Kassian will be 29 years old when his next contract kicks in. He has 171 points in 510 games (0.34 points/game). That takes all of his career production into consideration. Here is a list of contracts signed since 2016 by players with similar performance that have similar AAVs and terms to what Spector has reported. I also included how they fared in the season before signing their new contracts:

Michael Ferland (2019, Age 27): $3.5M x 4 yrs, 0.40 ppg, 40 pts in 71 GP
Richard Panik (2019, Age 28): $2.75M x 4 yrs, 0.37 ppg, 33 pts in 75 GP
Brett Connolly (2019, Age 27): $3.5M x 4 yrs, 0.36 ppg, 46 pts in 81 GP
Antoine Roussel (2018, Age 28): $3M x 4 yrs, 0.34 ppg, 17 pts in 73 GP
Zack Smith (2017, Age 29): $3.5M x 4 yrs, 0.31 ppg, 32 pts in 74 GP
Cal Clutterbuck (2016, Age 29): $3.5M x 5 yrs, 0.30 ppg, 23 pts in 77 GP

Panik’s deal sticks out to me as one with good value in this group. He had the 2nd highest points/game rate and the cheapest deal in the bunch. Panik had even been producing at a consistent rate over the previous 3 seasons.

Clutterbuck definitely has the worst contract in this group. He got that 5th year as a 29-year old, and he was 5 years removed from his career-high of 34 points in 2010-11 when he signed the contract. Yuck!

Zack Smith got the exact contract that Spector has reported (the highest reported value anyway) at the same age as Kassian is now. Smith had lower career production at the time he signed the contract, and he did not have as good of a season in his contract year as Kassian is having this season. Point in favour of the reported Kassian deal there.

If we compare Smith’s contract to what Ferland and Connolly got, it seems like a bit of an overpay though.

Ferland and Connolly were both 27 years old when they signed their 4 x $3.5 million contracts. Ferland had two seasons at 40 or more points prior to signing his deal last summer. Connolly had similar numbers to those of Kassian prior to his contract year, and he broke out for 46 points in 81 games last season. Kassian is having a similar breakout in his contract year.

Ferland and Connolly both hit their strides offensively at younger ages than Kassian, and they should be able to keep it up for a larger percentage of their contracts than Kassian will likely be able to based on their ages. Point against the reported Kassian deal there.

A lot of Oilers fans on Twitter are worried about paying Kassian based on his play with McDavid rather than based on what he has shown he can do without McDavid. $3.5 million is not what a top line winger makes people!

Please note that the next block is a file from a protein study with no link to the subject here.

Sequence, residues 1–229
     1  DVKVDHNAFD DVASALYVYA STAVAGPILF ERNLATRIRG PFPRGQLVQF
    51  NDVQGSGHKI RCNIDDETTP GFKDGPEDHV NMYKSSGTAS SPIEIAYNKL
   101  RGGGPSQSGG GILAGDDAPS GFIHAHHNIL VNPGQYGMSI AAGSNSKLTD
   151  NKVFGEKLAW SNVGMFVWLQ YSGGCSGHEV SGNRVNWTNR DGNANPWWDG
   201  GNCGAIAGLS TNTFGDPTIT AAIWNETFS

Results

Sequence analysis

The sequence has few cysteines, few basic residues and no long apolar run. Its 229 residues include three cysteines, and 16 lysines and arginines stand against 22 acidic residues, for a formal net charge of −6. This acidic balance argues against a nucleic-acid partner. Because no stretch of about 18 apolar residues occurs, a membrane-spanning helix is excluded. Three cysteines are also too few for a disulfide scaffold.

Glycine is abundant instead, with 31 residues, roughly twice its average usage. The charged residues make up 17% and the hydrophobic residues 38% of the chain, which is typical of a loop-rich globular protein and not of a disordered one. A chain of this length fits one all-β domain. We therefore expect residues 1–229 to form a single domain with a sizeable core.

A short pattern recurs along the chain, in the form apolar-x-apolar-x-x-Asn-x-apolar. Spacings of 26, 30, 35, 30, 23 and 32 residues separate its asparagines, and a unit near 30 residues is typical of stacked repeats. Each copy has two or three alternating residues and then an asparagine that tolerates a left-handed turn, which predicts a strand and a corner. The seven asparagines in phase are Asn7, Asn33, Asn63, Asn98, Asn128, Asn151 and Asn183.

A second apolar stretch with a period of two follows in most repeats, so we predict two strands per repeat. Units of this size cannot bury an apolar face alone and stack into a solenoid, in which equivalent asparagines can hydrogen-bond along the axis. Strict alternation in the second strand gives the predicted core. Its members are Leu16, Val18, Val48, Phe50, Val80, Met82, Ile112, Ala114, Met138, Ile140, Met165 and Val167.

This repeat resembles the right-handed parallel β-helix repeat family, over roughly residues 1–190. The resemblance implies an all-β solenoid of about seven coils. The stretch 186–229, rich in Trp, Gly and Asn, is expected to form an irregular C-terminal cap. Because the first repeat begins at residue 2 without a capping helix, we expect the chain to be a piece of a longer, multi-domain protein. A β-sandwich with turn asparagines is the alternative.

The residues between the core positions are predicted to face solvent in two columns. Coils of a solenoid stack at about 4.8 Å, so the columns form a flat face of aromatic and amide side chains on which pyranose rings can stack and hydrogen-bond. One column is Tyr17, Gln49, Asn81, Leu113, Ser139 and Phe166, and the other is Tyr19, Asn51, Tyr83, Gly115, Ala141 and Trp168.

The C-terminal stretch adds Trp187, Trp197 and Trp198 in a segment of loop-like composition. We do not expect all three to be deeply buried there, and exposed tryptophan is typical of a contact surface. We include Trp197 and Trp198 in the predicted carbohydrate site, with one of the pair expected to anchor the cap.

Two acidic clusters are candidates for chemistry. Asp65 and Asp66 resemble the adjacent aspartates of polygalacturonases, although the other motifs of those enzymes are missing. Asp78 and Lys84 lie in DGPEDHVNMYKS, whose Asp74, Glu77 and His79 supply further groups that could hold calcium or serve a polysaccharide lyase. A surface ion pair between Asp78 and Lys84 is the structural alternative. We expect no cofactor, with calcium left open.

I went on CapFriendly and counted how many forwards on each team that is currently in a playoff spot or damn close to being in one are making $3.5 million or more this season. Here are the numbers for the 18 teams that I checked:

VGK- 8
TB- 7
FLA- 6
WSH- 6
PIT- 6
PHI- 6
STL- 6
COL- 6
VAN- 6
CGY- 6
TOR- 5
CBJ- 5
ARI- 5
BOS- 4
EDM- 4
DAL- 4
CAR- 4
NYI- 4

I think it’s fair to say that paying someone $3.5 million is paying someone like a borderline top 6 forward or a good 3rd line forward. That’s basically what Kassian is! If you’re worried about paying Kassian $3.5 million to play on the 3rd line, just stop! Rogers Place will not explode if that is the case. It’ll be okay people!

I don’t think that signing Kassian will be the thing that stops Holland from getting an additional top 6 forward next season. There are expendable pieces that Holland can play with to get more cap space like Russell, and there are a lot of variables such as expiring contracts like Nurse and Bear, and how high next year’s salary cap will rise.

I think that 3 years x $3 million for Kassian would be a great contract for the Oilers. I wouldn’t lose sleep over giving him that extra year to make it 4 though. I think $3.5 million is a little bit high, but I wouldn’t be outraged by that number. I would have no quibbles with the 4 x $3.25 million that Spector has reported could happen either.

I’d question the contract if it were any more than $3.5 million and/or if the term were to be more than 4 years though.

I’ll wait to pass judgment on it until it actually happens!